That’s the nail-biting joy of Lizbeth Myles’ story here – it combines the overarching theme of potential stability and easy chaos with a personal story of family grief and complicated relationships, and still manages to tell a tense adventure story of bullets, burnings, races and rescues, with both of our seasoned Survivors automatically pulling for reconciliation and progress. You need some serious writing skill to pull off a balance like that without making the wiring of what you’re doing too obvious, and Lizbeth Myles, along with script editor Andrew Smith, deliver it with an aplomb that not only makes it look easy but also never gives you a neon sign of quite how clever they’ve been. That means all you’re left with is a belter of a tale that satisfies on lots of levels simultaneously.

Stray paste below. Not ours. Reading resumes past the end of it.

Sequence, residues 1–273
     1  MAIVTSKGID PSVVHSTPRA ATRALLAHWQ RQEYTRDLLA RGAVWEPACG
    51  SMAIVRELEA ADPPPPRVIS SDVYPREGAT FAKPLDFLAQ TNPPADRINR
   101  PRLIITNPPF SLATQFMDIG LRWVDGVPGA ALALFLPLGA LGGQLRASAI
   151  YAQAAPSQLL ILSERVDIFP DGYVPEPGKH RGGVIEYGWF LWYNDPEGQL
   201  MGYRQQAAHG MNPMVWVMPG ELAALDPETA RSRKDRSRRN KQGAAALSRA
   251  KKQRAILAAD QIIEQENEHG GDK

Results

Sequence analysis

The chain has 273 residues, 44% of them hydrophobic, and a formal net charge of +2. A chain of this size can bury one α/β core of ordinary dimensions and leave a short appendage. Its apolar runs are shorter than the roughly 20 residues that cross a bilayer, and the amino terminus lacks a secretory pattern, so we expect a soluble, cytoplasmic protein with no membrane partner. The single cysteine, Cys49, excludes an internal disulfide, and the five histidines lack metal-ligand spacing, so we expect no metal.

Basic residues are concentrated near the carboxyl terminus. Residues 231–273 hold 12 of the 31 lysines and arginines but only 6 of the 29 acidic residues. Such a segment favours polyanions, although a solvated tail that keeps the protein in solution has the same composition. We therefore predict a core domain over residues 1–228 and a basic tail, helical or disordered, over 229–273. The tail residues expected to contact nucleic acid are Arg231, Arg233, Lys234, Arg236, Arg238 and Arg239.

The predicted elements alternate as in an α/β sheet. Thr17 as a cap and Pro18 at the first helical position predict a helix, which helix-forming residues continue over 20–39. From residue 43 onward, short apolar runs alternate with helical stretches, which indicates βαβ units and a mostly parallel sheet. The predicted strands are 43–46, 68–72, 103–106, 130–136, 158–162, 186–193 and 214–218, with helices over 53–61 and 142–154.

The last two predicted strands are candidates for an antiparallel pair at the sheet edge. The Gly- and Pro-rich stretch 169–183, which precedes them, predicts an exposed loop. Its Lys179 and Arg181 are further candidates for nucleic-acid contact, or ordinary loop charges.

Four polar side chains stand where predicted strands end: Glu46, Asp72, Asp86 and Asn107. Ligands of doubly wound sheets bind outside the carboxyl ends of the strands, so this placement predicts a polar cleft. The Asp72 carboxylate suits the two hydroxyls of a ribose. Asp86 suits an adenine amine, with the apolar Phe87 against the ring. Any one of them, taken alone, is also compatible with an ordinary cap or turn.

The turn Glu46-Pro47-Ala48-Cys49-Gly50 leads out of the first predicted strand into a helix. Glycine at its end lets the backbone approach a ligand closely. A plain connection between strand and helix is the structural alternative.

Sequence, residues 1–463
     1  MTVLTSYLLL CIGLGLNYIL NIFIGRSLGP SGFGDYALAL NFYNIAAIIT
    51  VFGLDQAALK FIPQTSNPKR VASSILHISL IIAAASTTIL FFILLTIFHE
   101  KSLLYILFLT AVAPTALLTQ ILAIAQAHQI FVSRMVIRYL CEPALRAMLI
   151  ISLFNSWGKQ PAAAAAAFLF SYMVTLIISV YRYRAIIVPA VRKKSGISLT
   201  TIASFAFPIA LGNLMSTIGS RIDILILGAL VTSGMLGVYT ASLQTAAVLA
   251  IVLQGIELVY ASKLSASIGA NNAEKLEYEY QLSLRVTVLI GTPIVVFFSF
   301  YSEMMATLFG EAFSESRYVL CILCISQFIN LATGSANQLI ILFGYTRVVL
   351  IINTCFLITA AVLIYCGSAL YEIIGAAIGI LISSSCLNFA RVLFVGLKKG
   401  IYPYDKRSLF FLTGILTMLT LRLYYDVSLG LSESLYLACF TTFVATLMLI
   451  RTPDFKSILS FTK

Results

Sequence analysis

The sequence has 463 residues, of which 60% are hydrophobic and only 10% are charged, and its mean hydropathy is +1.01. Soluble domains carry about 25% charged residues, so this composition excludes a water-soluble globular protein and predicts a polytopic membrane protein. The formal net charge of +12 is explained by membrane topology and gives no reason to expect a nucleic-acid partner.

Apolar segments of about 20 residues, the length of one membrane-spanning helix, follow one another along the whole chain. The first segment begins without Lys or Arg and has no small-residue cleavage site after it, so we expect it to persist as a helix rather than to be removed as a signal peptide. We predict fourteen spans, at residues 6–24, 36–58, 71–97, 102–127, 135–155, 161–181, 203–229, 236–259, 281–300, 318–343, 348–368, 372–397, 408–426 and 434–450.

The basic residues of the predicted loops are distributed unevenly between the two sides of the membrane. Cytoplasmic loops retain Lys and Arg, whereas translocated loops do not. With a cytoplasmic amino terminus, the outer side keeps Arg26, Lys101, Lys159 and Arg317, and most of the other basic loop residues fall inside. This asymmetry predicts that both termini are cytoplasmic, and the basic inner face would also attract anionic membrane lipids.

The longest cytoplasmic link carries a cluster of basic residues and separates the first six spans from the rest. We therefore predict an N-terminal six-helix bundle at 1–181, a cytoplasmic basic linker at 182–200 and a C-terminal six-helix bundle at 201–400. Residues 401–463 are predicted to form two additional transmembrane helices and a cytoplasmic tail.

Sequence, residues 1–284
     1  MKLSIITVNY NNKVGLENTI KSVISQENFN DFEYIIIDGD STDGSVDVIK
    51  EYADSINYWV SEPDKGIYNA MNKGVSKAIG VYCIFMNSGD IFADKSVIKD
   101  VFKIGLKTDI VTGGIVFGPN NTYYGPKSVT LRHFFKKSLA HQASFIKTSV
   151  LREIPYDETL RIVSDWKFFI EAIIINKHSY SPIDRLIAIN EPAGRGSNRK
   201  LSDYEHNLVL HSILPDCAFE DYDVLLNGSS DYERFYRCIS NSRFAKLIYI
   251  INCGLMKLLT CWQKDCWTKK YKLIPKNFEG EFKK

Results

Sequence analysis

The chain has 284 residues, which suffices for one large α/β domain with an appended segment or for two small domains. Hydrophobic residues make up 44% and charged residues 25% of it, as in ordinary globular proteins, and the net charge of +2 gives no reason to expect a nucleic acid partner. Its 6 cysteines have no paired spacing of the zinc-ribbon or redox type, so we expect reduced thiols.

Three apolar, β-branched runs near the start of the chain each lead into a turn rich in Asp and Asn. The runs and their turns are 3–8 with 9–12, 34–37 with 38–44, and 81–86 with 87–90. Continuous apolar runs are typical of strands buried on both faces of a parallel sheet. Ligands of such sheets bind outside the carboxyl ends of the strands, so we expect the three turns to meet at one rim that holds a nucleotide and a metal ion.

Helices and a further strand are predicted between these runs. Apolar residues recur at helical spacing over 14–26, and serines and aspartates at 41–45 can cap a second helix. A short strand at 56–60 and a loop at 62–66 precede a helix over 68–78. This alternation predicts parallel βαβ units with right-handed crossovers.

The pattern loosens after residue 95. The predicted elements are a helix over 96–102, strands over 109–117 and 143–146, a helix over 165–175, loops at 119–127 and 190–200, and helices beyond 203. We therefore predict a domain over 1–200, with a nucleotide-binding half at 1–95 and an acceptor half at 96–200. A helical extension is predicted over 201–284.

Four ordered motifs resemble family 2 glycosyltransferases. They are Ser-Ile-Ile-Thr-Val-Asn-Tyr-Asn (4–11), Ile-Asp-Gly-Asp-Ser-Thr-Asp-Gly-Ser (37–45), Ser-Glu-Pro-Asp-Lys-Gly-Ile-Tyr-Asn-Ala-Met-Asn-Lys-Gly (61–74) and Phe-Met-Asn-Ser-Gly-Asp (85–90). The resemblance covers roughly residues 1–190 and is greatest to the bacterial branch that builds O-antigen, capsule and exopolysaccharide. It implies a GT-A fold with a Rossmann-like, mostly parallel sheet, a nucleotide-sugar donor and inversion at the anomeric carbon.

If there’s one issue with the story, it’s that after the events that closed out New Dawn 1 (Nope, no spoilers), you almost automatically expect them to be referenced at the start of New Dawn 2, and they aren’t. In fact, they don’t get a mention till the end of the box set, which, here in the non-Survivors universe feels a touch harsh. But then, in the Survivors world, there’s a sense that you deal with emotional trauma and loss when there’s time and luxury to do so, and not before. That’s a reality that smooths out even this smallest of niggles.